The Washington: China’s Military Preparing for ‘People’s War’ in Cyberspace, Space

English: Mao's official portrait at Tiananmen ...

English: Mao’s official portrait at Tiananmen gate 中文: 天安门上的毛泽东官方画像 (Photo credit: Wikipedia)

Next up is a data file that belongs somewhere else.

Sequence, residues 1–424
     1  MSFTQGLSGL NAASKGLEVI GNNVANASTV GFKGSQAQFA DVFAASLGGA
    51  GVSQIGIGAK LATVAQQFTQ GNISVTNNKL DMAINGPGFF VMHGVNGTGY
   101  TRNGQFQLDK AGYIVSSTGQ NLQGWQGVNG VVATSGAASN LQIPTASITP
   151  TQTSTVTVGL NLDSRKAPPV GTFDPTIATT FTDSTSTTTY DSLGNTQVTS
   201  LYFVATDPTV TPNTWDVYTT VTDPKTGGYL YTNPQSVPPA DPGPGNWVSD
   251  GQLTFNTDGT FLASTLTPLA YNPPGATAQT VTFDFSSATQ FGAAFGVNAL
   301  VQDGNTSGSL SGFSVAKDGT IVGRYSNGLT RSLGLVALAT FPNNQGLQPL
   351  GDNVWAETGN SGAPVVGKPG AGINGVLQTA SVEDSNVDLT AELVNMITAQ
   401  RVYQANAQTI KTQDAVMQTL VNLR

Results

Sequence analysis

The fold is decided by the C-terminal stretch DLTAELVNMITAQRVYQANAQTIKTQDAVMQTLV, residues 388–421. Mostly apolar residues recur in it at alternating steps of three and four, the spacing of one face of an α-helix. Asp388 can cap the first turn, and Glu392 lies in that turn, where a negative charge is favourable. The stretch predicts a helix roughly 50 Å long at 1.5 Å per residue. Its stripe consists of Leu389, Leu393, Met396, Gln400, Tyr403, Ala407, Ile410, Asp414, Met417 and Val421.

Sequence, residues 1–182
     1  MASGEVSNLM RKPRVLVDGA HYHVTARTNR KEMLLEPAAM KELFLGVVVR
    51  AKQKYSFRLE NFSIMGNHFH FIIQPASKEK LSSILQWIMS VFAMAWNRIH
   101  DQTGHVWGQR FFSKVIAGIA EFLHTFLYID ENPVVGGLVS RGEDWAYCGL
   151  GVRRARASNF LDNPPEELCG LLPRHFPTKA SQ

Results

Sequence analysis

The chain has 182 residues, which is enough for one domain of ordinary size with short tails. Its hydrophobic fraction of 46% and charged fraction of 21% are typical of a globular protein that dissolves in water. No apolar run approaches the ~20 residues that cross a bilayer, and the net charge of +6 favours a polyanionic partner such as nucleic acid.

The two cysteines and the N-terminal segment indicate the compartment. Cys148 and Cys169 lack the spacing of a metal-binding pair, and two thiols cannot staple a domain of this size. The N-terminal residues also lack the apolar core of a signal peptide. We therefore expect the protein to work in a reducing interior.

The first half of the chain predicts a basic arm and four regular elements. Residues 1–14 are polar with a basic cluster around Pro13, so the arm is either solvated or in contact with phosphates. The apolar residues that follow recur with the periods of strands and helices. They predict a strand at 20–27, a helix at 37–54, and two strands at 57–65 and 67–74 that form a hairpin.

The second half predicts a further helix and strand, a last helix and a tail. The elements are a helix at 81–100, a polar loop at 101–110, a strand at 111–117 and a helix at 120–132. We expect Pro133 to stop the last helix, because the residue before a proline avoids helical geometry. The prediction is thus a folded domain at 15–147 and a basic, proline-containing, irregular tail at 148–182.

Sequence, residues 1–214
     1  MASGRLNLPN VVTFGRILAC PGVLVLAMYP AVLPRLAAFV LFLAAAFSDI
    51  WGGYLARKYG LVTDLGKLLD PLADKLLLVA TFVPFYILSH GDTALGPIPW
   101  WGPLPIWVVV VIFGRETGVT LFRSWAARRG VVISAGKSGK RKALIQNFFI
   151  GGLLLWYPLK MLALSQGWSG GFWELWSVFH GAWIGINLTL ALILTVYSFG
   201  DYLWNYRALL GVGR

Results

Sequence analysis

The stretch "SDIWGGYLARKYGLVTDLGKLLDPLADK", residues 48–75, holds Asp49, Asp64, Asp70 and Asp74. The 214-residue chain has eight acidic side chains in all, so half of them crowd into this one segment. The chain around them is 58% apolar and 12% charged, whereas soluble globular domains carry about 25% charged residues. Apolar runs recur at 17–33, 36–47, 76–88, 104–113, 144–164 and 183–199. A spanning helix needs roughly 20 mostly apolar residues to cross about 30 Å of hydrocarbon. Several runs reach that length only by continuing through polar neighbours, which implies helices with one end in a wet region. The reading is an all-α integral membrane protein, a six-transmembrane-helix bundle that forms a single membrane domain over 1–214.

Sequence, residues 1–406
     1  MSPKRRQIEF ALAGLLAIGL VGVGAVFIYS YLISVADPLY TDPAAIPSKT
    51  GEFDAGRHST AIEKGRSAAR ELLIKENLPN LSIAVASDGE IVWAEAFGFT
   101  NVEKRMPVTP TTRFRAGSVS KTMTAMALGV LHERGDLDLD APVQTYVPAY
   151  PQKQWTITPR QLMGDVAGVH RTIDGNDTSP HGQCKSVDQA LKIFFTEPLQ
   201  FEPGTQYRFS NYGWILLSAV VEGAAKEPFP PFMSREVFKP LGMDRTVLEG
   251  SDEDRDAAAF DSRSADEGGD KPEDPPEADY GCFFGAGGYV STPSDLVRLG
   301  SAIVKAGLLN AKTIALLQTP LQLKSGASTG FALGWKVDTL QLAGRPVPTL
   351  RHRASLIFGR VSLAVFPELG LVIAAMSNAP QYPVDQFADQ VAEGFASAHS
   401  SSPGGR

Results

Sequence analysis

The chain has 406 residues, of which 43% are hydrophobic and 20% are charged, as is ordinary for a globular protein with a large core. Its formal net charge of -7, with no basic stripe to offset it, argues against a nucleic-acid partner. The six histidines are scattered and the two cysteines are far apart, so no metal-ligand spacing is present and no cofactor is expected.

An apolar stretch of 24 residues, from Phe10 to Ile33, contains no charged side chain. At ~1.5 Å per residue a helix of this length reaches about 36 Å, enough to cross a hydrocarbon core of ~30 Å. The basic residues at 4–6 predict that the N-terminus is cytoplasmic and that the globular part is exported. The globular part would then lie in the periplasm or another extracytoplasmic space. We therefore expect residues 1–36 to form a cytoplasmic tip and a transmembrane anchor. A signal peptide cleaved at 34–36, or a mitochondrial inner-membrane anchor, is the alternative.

China’s military is preparing for war in cyberspace involving space attacks on satellites and the use of both military and civilian personnel for a digital “people’s war,” according to an internal Chinese defense report. “As cyber technology continues to develop, cyber warfare has quietly begun,” the report concludes, noting that the ability to wage cyber war in space is vital for China’s military modernization. According to the report, strategic warfare in the past was built on nuclear weapons. “But strategic warfare in the information age is cyber warfare,” the report said. “With the reliance of information warfare on space, cyberspace will surely become a hot spot in the struggle for cyberspace control,” the report said. The new details of Chinese plans for cyber and space warfare were revealed in a report “Study on Space Cyber Warfare” by four engineers working at a Chinese defense research center in Shanghai. The report presents a rare inside look of one of Beijing’s most secret military programs: Cyber warfare plans against the United States in a future conflict. “Cyber warfare is not limited to military personnel. All personnel with special knowledge and skills on information system may participate in the execution of cyber warfare. Cyber warfare may truly be called a people’s warfare,” the report says. People’s War was first developed by China’s Communist founder Mao Zedong as a Marxist-Leninist insurgency and guerrilla warfare concept. The article provides evidence that Chinese military theorists are adapting Mao’s peasant uprising stratagem for a future conflict with the United States. A defense official said the report was recently circulated in military and intelligence circles. Its publication came as a surprise to many in the Pentagon because in the past, U.S. translations of Chinese military documents on similar warfighting capabilities were not translated under a directive from policy officials seeking to prevent disclosure of Chinese military writings the officials feared could upset U.S.-China relations. (Source)

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